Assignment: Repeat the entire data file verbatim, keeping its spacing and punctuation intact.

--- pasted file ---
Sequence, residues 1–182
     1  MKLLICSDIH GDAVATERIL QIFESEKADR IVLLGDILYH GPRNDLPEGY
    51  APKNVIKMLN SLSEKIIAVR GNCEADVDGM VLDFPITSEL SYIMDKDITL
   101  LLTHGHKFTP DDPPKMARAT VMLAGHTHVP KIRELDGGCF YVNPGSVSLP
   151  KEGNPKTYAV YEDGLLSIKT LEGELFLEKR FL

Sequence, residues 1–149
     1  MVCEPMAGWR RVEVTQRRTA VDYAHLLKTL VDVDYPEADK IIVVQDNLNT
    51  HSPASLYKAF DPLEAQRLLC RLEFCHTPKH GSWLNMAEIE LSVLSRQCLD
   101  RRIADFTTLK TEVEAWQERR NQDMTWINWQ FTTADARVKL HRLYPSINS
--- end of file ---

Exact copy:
Sequence, residues 1–182
     1  MKLLICSDIH GDAVATERIL QIFESEKADR IVLLGDILYH GPRNDLPEGY
    51  APKNVIKMLN SLSEKIIAVR GNCEADVDGM VLDFPITSEL SYIMDKDITL
   101  LLTHGHKFTP DDPPKMARAT VMLAGHTHVP KIRELDGGCF YVNPGSVSLP
   151  KEGNPKTYAV YEDGLLSIKT LEGELFLEKR FL

Sequence, residues 1–149
     1  MVCEPMAGWR RVEVTQRRTA VDYAHLLKTL VDVDYPEADK IIVVQDNLNT
    51  HSPASLYKAF DPLEAQRLLC RLEFCHTPKH GSWLNMAEIE LSVLSRQCLD
   101  RRIADFTTLK TEVEAWQERR NQDMTWINWQ FTTADARVKL HRLYPSINS